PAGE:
|Wrestling with phase 1 of a C compiler firstname.lastname@example.org (luser droog) (2022-09-07)|
|Wrestling with phase 1 of a C compiler email@example.com (Christopher F Clark) (2022-09-12)|
|Re: Wrestling with phase 1 of a C compiler firstname.lastname@example.org (gah4) (2022-09-12)|
|Re: source languages, was Wrestling with phase 1 of a C compiler email@example.com (George Neuner) (2022-09-14)|
|From:||George Neuner <firstname.lastname@example.org>|
|Date:||Wed, 14 Sep 2022 16:03:22 -0400|
|Organization:||A noiseless patient Spider|
|References:||22-09-001 22-09-004 22-09-005|
|Injection-Info:||gal.iecc.com; posting-host="news.iecc.com:2001:470:1f07:1126:0:676f:7373:6970"; logging-data="32394"; mail-complaints-to="email@example.com"|
|Keywords:||PL/I, history, Lisp|
|Posted-Date:||14 Sep 2022 16:26:33 EDT|
On Mon, 12 Sep 2022 13:01:21 -0700 (PDT), gah4 <firstname.lastname@example.org>
>PL/I does have a powerful preprocessor, though I don't know so many
>actually using its power. It even has preprocessor procedures, if you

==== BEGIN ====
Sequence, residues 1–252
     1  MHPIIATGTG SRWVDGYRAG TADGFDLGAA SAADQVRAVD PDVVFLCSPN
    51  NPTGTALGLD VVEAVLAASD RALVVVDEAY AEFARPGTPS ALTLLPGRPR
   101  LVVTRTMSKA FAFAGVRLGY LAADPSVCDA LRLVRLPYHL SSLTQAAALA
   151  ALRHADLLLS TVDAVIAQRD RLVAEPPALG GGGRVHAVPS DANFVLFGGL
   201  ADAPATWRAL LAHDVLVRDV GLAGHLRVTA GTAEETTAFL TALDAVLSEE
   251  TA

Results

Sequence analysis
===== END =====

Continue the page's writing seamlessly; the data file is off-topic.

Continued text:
Back in the day I would have reached for Lisp ... certainly for rapid
prototyping and/or experimentation with new compilation techniques.
The trouble with Lisp in the (distant) past was the high cost of a
workstation capable of running it acceptably. That no longer is an
issue, so Lisp can be an excellent choice for compiler development.
For various reasons I prefer Scheme over Lisp, so for a modern
"batteries-included" Scheme environment I would reach for Racket.
Certainly mileage varies, but unless you are hell bent on maximum
performance [how many people *really* derive benefit from being able
to compile 10K lines/second/core?], in my opinion almost any modern
HLL would be a better choice than C for writing a compiler.
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